Humanitarian agency is focused on improving access to health resources, leaders say.
Published on: 10-19-2021
Thailand had its first COVID-19 case in January 2020 but was successful in containing the coronavirus until December 2020. By January 2021, COVID-19 cases had increased drastically, according to local reports. Since September 29, the accumulated number of cases has ballooned to more than 1.5 million, with more than 10,000 new cases per day.
Thailand authorities aim to administer 63 million doses of COVID vaccine in three stages before the year ends. The first target population that would receive vaccines as declared by the local government was high-risk populations with underlying conditions, including frontline health-care workers, laborers in the hospitality and service sectors, and then the general population.
Identifying Those At Risk
In Thailand, there are 2.3 million people who are reportedly migrants from Myanmar, with hundreds of thousands more from Cambodia, the Lao People’s Democratic Republic, and Vietnam, according to Quentin Campbell, country director for the Adventist Development and Relief Agency (ADRA).
“The population who are the most vulnerable and marginalized are migrants, who provide a significant labor source of essential industries,” Campbell said. Reports suggest that migrants constitute more than 10 percent of Thailand’s total workforce.
“In Thailand, many migrant workplaces have now become epicenters of COVID-19 transmission. Though the local government has made substantial progress providing public services to migrant workers, utilization of social and financial barriers remains due to added burdens of stigmatization, low-income status, lack of access to health-care services and welfare programs,” Campbell said.
According to Campbell, most migrants are undocumented and live in remote areas far from public services, with limited access to COVID-19 prevention and vaccine information. Migrants who registered in Thailand’s public health insurance program will be eligible to receive a vaccine, but it is estimated only 51 percent of migrants have done so.
Campbell added that agricultural migrant workers with less than a year’s contract to work in the country are ineligible to join the program, which would exclude them from receiving the vaccine, according to a 2019 Thailand migration report.
In January, the International Organization for Migration (IOM), the leading intergovernmental organization in the area of migration in Thailand, conducted a rapid assessment among 316 migrants in Mae Sot, Tak Province. The agency found that migrants were getting paid less than the average worker and that work hours were reduced after the COVID-19 outbreak in Thailand.
IOM Thailand findings also indicated that roughly 21 percent of migrants were unable to find jobs, 68 percent reported an income reduction, only 73 percent have access to face masks, 42 percent had access to hand sanitizer, and 59 percent reported they had not received information on COVID-19 in their areas.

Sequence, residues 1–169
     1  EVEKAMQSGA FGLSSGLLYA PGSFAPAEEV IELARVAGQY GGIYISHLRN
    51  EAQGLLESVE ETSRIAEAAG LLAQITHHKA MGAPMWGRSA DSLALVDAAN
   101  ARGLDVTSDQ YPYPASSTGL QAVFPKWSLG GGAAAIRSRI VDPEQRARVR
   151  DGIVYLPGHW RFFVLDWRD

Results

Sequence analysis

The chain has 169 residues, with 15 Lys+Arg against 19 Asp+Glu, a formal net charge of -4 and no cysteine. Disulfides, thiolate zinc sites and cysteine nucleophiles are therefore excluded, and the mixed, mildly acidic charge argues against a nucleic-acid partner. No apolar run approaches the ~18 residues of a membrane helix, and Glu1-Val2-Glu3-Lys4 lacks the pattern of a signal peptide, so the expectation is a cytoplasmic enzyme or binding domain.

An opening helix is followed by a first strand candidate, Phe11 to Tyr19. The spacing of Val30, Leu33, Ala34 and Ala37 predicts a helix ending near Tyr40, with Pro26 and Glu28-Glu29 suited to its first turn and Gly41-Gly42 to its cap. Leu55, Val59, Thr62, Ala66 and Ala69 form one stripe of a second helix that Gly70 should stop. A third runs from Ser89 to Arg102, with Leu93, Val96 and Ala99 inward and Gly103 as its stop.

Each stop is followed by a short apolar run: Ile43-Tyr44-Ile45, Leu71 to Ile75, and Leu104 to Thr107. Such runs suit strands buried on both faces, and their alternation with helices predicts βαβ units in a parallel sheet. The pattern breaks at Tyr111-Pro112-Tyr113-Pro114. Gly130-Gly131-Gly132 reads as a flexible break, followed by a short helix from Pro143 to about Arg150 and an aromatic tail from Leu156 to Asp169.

Aiding the Helpless
“We are targeting seven migrant communities in Mae Sot, Tak Province, bordering Myanmar, which is a common destination for migrants,” Campbell said. “We also hope to provide aid to 5,000 migrant workers, including 1,000 school-age children.”
To address increasing access to COVID-19 information among the migrant population, Campbell said, ADRA will participate in coordination meetings and organize vaccine information campaigns to target 3,000 migrants in collaboration with local Adventist churches and local authorities. Another 2,000 migrants will be reached through partnerships with local civil society organizations.
Additionally, he said, there are plans to arrange hygiene awareness promotions that include information about physical distancing, frequent handwashing, and mask-wearing. More than 500 households are expected to receive hygiene items. Campbell said he expects 85 percent of households provided with hygiene items will report regular use of at least one hygiene item to reduce exposure to COVID-19.
“Another barrier to tackle is communicating to migrants in their language,” Campbell said. “Speaking their language and getting information to them in a format they understand will help build trust and increase the likelihood of the population applying effective health practices.”
To do this, Campbell added, information handouts will be disseminated in Burmese to meet the target group’s needs. Training will also be conducted to form community engagement teams that will assist the most vulnerable and marginalized within migrant communities, including persons with pre-existing conditions, children, seniors, and women with low literacy, to facilitate participation and empower them.
Additionally, ADRA will establish partnerships with local Adventist churches, public health organizations, and health facilities to engage community leaders who play a crucial role as health awareness influencers.
“At the end of our response, the migrant communities we serve will be surveyed to gauge their thoughts about the COVID-19 virus and prevention information they receive,” Campbell said. “We hope to see if perceptions among the migrant community change concerning COVID-19 vaccines and assess what COVID-19 prevention means to them.”